“Reverse Brain-Drain” Benefits Brazil as Europeans and Expats Alike Set Their Sights on South America

Picture: Klaus with K (CC)

As Europe continues to struggle with austerity, native Brazilians are returning to their homeland and bringing their European peers with them. Are we witnessing more signs of a shake-up in the global social order? Who is a “first world” country now?

Via the Christian Science Monitor:

Golden age migration is palpable, says Helion Póvoa Neto, a migration expert at the Federal University of Rio de Janeiro. “There is this sensation of Brazil as a new land of opportunity. There is something new happening.”

Today, Cariocas navigate subways and buses to a din of Greek- and Spanish-accented conversation; they plow into heaps of lunchtime beans and farofa in downtown Rio restaurants alongside Portuguese workers; and Rio hillside favelas (slums) are being gentrified by foreigners daunted by the pricier beachside enclaves.

Many foreign newcomers are just trying to get ahead in careers stalled at home. But their very presence is changing Brazil.

Read more at the Christian Science Monitor.

7 Comments on "“Reverse Brain-Drain” Benefits Brazil as Europeans and Expats Alike Set Their Sights on South America"

  1. Here in São Paulo somedays i barely hear portuguese when i walk the streets. There is french, english, chinese, korean, probably other asian language, some african language. It’s kinda amusing.

    • Matt Staggs | Oct 22, 2012 at 6:58 pm |

      I’ve got a couple of Brazilian friends, and they say the same thing. It’s a very diverse culture already, right?

      • Yes and no. Racially we are very diverse, all kinds of mixes. But socially the rich are all white, more high in the social ladder more white (and douche bag-ish) our society is.

      • The European slave owners never left. The socio-economic structure is similar to the US with a smaller middle class along side extreme rich and extreme poor. Now the middle class is experiencing growth, sometimes rapid and a healthy middle class is ideal for a society. I like the infusion of expats which bring innovation and more diversity and usually with new immigrants, start up small businesses which are the core of local economies. Brazil is diverse and vibrant with room for a lot of special conditions to happen within the country and its various regions. The obvious thing about brazil is the natural resources of the country, from tourist spots to totally remote vast wildness to the west and north; with the bigger middle class petty crime should drop and thats one of the biggest problems i see with living in brazil and of course government corruption that is plain to see. The other thing to watch out for is the presence of new diseases in the new world which people are not used to but world class soccer and beautiful people even that out; new sports like tackle football are also gaining popularity. Information technology and aviation also make the stay away from the home land more tolerable, making brazil an ideal new frontier for nation development, if skilled labor and lucrative industries are properly developed and also not allowed to become over developed in respect to the environment, conditions could become truly great. Lastly Brazilian culture is full of quirks which make the country unlike any other in the world and with its small military spending, its a good choice when it comes to what nation has more power as we don’t need anymore empire building.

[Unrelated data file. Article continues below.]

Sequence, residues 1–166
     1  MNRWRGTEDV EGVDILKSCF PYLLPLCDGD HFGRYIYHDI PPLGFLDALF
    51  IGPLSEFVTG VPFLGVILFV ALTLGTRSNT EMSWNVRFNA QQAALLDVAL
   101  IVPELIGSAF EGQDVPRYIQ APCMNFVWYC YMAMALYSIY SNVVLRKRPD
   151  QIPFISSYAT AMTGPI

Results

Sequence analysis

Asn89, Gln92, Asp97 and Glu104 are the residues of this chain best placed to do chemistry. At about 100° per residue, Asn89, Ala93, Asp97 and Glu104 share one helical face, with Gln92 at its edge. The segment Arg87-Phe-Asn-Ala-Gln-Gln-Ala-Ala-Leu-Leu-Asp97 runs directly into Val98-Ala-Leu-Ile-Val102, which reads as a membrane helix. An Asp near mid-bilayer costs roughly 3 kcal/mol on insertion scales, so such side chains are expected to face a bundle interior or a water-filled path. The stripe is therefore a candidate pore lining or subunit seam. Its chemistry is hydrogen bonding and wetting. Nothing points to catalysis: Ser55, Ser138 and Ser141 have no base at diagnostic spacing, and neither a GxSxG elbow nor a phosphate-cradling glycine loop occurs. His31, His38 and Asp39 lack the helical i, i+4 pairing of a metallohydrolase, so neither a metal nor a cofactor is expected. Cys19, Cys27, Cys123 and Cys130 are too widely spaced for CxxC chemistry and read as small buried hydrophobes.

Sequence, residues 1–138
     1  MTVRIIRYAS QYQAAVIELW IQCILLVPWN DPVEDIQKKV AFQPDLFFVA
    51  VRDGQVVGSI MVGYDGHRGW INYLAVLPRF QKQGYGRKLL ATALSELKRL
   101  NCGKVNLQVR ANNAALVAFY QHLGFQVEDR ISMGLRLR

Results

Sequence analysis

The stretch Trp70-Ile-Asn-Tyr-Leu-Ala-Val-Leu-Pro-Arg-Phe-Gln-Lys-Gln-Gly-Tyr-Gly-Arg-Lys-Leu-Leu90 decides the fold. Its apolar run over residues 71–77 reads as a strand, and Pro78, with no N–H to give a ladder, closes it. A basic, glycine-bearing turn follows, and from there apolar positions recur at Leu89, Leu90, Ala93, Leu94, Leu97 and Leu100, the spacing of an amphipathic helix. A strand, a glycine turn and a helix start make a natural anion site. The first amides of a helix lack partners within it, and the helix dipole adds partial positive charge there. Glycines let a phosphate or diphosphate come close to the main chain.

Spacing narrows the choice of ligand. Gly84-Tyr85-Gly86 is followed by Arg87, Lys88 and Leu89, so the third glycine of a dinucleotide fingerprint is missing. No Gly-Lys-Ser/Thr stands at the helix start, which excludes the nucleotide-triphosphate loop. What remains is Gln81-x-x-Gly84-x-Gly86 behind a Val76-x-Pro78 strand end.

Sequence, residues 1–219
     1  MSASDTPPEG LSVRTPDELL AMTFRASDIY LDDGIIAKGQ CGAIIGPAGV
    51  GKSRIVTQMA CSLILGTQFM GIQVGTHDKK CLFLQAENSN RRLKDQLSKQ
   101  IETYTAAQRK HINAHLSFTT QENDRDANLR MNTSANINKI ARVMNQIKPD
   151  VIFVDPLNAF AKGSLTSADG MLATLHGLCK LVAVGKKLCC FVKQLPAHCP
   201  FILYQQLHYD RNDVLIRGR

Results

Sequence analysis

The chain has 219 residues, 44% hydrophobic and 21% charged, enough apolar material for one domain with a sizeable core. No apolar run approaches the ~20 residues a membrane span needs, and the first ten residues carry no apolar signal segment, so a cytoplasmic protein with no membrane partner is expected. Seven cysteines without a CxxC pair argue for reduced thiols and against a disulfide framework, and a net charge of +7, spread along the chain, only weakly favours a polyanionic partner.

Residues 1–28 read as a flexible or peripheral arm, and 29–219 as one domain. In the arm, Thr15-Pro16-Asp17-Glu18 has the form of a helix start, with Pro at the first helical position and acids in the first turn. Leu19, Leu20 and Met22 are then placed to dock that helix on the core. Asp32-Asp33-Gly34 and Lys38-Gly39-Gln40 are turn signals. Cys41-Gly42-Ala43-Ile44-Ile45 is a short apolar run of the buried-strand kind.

• BuzzCoastin | Oct 22, 2012 at 7:32 pm |

      of all the BRICS
      Brazil has the most to offer to expats looking for an alternative to the US & EU

  2. kowalityjesus | Oct 22, 2012 at 7:09 pm |

    You bring up a point with the idea of “who has traditionally been on top may not necessarily be forever so.” But “first,” “2nd,” and “3rd” world are only terms denoting battle lines from the cold war allies, axis, and pawns respectively. Today it’s only a feel-good title for everybody that still imagines themselves imperial masters, somewhat fallaciously I might add.

  3. Comments aside; will this be a ‘boon’ OR a ‘bane’ to Brazil? Is this brain-drain OR brain-washing?

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